I am a reader of many blogs published by Sri Lankans and I do post comments where ever I am allowed to : while I am happy with most responses I get, some throws me off. It is just multi point of views but many fail to express them in civilized manner, including me. All the politically energized commenters want only his or her view and actually look down on others and use filth to respond to a comment. At this point the original subject is forgotten and the battle of the pens show, how ugly we could get. At this point you realize the mountainous work ahead to bring everyone together. It is yet comforting to know, that we can do this.

Very recently I visited Redwood Forrest National Park. We had many wondrous hikes and during one I hurt my ankle. A day later, we were to do the most strenuous hike and I was not very sure of taking part in the hike. After contemplating for a while, I decided to take part. I spent most painful four miles or so of walking in my life, but the pain gradually disappeared and I completed one of the best hikes. I also managed to see touch decades old redwood trees, that only grow in this area, reaching into the sky as much as 115 meters or higher. I think even if it is hard, we need to work at it to bring everyone together. Let us start reading and listening to others, how ever hard it is.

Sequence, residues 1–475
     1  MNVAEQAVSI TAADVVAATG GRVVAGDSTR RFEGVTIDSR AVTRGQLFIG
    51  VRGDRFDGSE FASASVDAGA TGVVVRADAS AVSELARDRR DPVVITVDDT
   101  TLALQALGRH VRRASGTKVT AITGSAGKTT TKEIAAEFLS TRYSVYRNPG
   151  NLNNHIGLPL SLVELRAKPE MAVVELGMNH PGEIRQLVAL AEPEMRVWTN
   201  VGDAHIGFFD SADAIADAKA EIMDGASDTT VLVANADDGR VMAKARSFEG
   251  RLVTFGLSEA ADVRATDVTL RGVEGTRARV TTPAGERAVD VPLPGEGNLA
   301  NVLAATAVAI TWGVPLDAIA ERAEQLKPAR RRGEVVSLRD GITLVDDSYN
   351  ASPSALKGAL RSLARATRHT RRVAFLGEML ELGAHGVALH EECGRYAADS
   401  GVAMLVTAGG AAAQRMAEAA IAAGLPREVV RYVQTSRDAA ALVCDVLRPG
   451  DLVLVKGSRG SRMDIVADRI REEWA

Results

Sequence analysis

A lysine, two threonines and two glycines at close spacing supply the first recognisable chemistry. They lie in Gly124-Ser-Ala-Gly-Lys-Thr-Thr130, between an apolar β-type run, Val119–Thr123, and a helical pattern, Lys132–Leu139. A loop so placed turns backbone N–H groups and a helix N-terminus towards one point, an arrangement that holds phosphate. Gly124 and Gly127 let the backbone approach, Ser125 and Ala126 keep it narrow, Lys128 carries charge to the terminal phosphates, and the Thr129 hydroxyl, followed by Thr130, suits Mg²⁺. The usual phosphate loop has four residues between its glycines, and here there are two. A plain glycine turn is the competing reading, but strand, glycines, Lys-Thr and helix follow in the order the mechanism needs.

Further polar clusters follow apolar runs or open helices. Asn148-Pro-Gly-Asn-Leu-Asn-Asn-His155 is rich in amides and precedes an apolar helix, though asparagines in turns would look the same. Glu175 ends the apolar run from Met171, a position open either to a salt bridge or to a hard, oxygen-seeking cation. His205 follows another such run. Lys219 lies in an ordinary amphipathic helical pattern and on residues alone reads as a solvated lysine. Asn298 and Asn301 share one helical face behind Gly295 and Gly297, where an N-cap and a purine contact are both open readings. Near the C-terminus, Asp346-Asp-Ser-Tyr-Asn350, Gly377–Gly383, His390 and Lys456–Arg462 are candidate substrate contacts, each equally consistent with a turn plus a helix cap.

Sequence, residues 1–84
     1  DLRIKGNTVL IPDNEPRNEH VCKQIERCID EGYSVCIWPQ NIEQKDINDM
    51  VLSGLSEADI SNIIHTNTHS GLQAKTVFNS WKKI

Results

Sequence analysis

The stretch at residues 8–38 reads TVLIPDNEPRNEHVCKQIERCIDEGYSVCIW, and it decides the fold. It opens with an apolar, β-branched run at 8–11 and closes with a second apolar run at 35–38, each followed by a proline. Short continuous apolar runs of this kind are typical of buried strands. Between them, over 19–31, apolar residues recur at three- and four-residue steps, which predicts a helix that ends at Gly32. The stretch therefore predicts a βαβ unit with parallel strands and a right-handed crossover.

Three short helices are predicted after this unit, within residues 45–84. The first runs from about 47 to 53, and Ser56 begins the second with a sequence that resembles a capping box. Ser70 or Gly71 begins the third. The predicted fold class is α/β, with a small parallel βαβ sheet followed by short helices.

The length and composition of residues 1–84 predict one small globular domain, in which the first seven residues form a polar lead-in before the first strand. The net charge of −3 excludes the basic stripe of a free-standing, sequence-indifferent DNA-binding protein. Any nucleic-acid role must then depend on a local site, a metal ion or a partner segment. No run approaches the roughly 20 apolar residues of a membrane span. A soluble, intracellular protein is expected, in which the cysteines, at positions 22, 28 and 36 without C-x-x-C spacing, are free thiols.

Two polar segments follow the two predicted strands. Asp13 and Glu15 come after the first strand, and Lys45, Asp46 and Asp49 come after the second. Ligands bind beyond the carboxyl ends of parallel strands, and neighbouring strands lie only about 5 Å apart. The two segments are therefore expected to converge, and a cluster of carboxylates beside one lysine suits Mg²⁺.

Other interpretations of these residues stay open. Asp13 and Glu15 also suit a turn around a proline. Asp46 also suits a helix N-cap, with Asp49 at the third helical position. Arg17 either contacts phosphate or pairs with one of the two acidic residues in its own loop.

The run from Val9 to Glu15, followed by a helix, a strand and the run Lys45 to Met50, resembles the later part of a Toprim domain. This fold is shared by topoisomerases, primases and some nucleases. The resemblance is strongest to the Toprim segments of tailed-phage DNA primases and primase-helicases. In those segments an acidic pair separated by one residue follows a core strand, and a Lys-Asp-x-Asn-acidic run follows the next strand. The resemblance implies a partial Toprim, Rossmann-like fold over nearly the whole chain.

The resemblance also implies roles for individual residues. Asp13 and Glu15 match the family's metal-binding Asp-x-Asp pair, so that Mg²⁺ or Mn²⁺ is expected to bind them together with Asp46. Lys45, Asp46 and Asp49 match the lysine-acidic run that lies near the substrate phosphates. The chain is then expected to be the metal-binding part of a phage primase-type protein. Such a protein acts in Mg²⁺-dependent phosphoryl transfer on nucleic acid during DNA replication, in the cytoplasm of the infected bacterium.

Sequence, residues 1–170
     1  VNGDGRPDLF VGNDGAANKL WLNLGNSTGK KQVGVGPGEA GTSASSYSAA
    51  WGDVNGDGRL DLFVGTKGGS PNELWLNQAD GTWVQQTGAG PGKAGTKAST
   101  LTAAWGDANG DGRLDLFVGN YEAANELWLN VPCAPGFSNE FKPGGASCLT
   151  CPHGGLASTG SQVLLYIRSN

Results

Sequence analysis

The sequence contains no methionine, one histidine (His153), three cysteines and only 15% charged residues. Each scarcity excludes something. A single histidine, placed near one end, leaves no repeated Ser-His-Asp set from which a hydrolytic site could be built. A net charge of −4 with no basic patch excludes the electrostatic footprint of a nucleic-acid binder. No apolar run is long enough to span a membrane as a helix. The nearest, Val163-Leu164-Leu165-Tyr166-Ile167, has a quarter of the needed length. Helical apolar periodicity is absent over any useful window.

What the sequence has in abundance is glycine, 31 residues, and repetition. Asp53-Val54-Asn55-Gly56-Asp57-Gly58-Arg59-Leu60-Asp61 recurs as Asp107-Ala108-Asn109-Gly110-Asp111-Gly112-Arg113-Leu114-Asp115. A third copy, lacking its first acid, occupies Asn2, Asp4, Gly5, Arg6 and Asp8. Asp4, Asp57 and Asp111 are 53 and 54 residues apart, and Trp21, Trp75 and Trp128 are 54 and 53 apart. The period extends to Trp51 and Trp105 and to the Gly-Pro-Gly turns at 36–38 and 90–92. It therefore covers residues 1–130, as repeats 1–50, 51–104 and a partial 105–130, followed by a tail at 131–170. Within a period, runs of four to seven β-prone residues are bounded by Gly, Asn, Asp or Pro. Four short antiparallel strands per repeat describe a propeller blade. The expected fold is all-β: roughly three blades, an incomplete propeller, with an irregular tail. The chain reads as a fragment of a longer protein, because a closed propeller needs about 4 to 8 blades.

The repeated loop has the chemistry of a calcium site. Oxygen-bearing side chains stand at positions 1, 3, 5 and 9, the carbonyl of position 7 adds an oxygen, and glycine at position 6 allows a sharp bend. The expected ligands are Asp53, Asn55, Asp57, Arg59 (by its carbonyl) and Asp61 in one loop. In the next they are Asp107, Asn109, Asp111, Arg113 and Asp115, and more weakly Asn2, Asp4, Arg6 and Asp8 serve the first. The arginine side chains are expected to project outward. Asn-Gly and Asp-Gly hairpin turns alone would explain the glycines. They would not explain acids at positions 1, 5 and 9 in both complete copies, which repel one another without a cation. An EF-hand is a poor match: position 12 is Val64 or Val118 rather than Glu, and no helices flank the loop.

So reminding of misdeeds and good deeds should go hand in hand. I think the following book accomplishes a part ot that. The picture of the naked man, on the cover, I will never forget. I do not want anyone to experience than man went through. It just blows my mind how cruel we could be towards other human beings. I think most of us show more love to our dogs than to our fellow humans.  It is important that we all work towards making people understand that we all are the same.

I was reminded of the book by one Rajiva Wijesinha, and it is special to me because my family knows many of the authors, and I remember Richard De Zoysa, specially, who departed us when I was only a tiny kid. My family remembers him as a one fine young man.

lest we forget